• Foam brushes/Regular paintbrushes
  • Painter’s tape

Step 1: Choose Paint and Primer

It is not always necessary to start with a primer before you paint Styrofoam, but it will help give you a smoother finish, especially if the paint you use is not foam-friendly. 

I recommend using foam finish to prime Styrofoam if you want a long-lasting paint job.

Foam finish can fill the little spaces on Styrofoam and any other gouges on the surface, and you can sand it to create an even smoother surface to paint.

It also makes the foam stronger without weighing it down. If you cannot find a foam finish, you can prime the Styrofoam with any other craft sealer like modge podge or plaster of Paris and get good results.

When it comes to painting, acrylic paint is the best product to use, so ensure that you select it in the color you want for your craft.

Also, purchase enough paint to cover everything as you don’t want to go back to the store in the middle of your project.

If you’re painting a few styrofoam balls or letters and shapes, you only need a small bottle that holds around 2 ounces of paint.

For larger projects, purchase paint in bigger containers so that you have enough product to apply two coats.

You can also use latex or tempera paints if that’s what you prefer. 

Step 2: Set Up Your Work Space

Spread the butcher’s paper or newspaper over your workbench, then secure it with painter’s tape, so it does not move.

Put some paper on the floor as well to catch accidental paint spills and drips.

Arrange all the materials you need on another bench close to the workbench so that you won’t have to move across the room whenever you need something as you work.

Step 3: Apply the Primer

  • Use a foam or a regular paint brush to spread a thin layer of primer over the Styrofoam.
  • Allow it to dry for the period specified on the label.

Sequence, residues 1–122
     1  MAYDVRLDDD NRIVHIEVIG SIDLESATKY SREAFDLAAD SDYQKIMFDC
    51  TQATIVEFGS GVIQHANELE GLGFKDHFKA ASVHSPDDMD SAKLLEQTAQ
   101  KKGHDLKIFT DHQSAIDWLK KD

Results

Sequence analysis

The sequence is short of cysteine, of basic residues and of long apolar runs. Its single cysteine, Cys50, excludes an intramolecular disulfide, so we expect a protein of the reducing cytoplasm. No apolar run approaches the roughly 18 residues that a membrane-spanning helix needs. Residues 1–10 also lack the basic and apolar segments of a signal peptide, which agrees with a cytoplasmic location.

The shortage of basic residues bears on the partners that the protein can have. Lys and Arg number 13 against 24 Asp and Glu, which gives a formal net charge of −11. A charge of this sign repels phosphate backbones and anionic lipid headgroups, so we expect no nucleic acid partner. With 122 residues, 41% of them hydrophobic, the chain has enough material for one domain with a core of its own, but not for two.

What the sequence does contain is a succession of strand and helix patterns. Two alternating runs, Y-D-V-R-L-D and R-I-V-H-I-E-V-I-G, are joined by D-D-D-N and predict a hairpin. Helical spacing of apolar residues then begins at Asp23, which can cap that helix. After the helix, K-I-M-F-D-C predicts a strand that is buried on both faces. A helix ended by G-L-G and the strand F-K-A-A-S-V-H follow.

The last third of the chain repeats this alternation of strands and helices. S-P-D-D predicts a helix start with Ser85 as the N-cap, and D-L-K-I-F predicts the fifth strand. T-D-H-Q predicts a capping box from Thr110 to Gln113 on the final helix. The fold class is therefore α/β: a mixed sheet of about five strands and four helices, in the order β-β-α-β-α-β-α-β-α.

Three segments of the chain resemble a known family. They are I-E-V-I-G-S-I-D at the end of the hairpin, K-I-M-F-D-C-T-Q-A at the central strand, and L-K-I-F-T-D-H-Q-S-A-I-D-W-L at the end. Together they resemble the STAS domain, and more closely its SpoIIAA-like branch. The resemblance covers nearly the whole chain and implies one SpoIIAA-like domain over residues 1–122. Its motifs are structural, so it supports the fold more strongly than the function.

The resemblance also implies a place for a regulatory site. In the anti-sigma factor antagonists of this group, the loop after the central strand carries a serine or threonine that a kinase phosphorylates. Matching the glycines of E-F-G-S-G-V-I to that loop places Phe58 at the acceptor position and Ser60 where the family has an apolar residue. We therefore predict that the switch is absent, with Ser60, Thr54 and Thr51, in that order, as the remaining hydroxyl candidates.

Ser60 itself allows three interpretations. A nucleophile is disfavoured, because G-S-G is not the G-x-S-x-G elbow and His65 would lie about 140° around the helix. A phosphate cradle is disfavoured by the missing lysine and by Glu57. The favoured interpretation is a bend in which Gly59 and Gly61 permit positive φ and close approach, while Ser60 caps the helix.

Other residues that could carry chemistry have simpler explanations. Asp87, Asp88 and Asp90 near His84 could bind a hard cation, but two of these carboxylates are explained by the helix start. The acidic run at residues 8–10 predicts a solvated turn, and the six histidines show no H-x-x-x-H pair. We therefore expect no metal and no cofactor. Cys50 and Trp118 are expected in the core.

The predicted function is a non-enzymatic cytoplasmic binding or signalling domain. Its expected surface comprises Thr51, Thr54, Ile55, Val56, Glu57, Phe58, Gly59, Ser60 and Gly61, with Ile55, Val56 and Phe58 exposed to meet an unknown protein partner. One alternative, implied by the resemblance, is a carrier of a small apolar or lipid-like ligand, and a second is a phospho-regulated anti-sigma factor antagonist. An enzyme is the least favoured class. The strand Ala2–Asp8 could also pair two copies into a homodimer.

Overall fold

If you’re using acrylic paint, one coat of primer is enough, but you need at least two coats if you are using either latex or tempera paint.

Also, remember to gently sand the first primer coat with fine-grit sandpaper to make the surface smoother and get the second coat to adhere properly.

 Step 4: Paint the Styrofoam

  • Pour a small amount of paint onto a paint tray, then dip ¼ of the ends of your brush bristles into it. This way, you will only pick up a small amount of paint, guaranteeing better results.
  • Apply the paint on the Styrofoam using short even strokes until you cover the whole surface. 
  • Allow the paint to dry for about an hour, or better yet, check the product’s specifications for the precise drying time. 
  • After the time elapses, apply another layer of paint using the same techniques as the first one, then let it dry.

Two coats of paint should do the trick, but you can apply more coats until you are satisfied with the finish.

How to Paint Styrofoam With a Paint Sprayer

Paint sprayers are ideal for larger projects where you need to cover a lot of surface area.

These may include large displays, stage backgrounds, and big decorative crafts.

Paint sprayers are a little tricky to use if you’re a beginner, but it becomes easier once you master the technique.

They create more even layers that blend well and are perfect for coloring foam crafts with intricate designs.

The guide below shows the proper way to paint Styrofoam with a sprayer.

Materials You’ll Need

  • A spray gun
  • Newspaper/Butchers Paper
  • Protective coveralls/Old clothes
  • Paint
  • Paint thinner
  • Gloves, safety goggles, and a respirator
  • Cheesecloth
  • Containers for mixing
  • Air hose and compressor

Step 1: Wear Protective clothing

Paint sprayers always spread paint to the surfaces surrounding the object you are painting, including you.

Therefore, you must protect yourself accordingly to avoid inhaling the paint fumes and soiling your clothes.

  • Wear work coveralls over your clothes to prevent paint from staining them. If you do not have coveralls, wear some old clothes that you won’t miss if they get paint stains.